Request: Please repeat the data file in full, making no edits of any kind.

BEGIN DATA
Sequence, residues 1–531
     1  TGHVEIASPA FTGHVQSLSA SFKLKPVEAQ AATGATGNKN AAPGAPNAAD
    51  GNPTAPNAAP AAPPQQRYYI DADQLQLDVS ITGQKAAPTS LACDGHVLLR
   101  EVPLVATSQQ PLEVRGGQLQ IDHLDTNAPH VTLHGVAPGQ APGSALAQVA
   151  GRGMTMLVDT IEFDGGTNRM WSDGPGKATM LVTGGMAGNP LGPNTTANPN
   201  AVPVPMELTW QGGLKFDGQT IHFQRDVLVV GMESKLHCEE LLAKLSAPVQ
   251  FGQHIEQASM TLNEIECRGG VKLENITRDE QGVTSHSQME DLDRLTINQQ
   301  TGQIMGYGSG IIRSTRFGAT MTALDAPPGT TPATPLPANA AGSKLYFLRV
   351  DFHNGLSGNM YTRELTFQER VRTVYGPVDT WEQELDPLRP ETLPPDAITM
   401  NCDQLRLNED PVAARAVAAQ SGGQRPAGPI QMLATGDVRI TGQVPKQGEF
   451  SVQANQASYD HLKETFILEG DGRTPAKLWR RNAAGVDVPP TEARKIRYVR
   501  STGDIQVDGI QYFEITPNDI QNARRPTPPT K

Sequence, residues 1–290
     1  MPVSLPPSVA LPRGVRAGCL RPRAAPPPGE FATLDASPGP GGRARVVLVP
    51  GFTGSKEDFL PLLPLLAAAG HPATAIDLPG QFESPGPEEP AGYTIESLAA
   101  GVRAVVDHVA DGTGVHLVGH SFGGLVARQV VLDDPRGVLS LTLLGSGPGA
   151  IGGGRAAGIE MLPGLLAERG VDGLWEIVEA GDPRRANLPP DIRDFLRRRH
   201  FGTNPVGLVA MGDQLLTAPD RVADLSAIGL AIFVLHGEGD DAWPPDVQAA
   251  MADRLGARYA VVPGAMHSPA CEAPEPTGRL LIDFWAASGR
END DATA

Sequence, residues 1–531
     1  TGHVEIASPA FTGHVQSLSA SFKLKPVEAQ AATGATGNKN AAPGAPNAAD
    51  GNPTAPNAAP AAPPQQRYYI DADQLQLDVS ITGQKAAPTS LACDGHVLLR
   101  EVPLVATSQQ PLEVRGGQLQ IDHLDTNAPH VTLHGVAPGQ APGSALAQVA
   151  GRGMTMLVDT IEFDGGTNRM WSDGPGKATM LVTGGMAGNP LGPNTTANPN
   201  AVPVPMELTW QGGLKFDGQT IHFQRDVLVV GMESKLHCEE LLAKLSAPVQ
   251  FGQHIEQASM TLNEIECRGG VKLENITRDE QGVTSHSQME DLDRLTINQQ
   301  TGQIMGYGSG IIRSTRFGAT MTALDAPPGT TPATPLPANA AGSKLYFLRV
   351  DFHNGLSGNM YTRELTFQER VRTVYGPVDT WEQELDPLRP ETLPPDAITM
   401  NCDQLRLNED PVAARAVAAQ SGGQRPAGPI QMLATGDVRI TGQVPKQGEF
   451  SVQANQASYD HLKETFILEG DGRTPAKLWR RNAAGVDVPP TEARKIRYVR
   501  STGDIQVDGI QYFEITPNDI QNARRPTPPT K

Sequence, residues 1–290
     1  MPVSLPPSVA LPRGVRAGCL RPRAAPPPGE FATLDASPGP GGRARVVLVP
    51  GFTGSKEDFL PLLPLLAAAG HPATAIDLPG QFESPGPEEP AGYTIESLAA
   101  GVRAVVDHVA DGTGVHLVGH SFGGLVARQV VLDDPRGVLS LTLLGSGPGA
   151  IGGGRAAGIE MLPGLLAERG VDGLWEIVEA GDPRRANLPP DIRDFLRRRH
   201  FGTNPVGLVA MGDQLLTAPD RVADLSAIGL AIFVLHGEGD DAWPPDVQAA
   251  MADRLGARYA VVPGAMHSPA CEAPEPTGRL LIDFWAASGR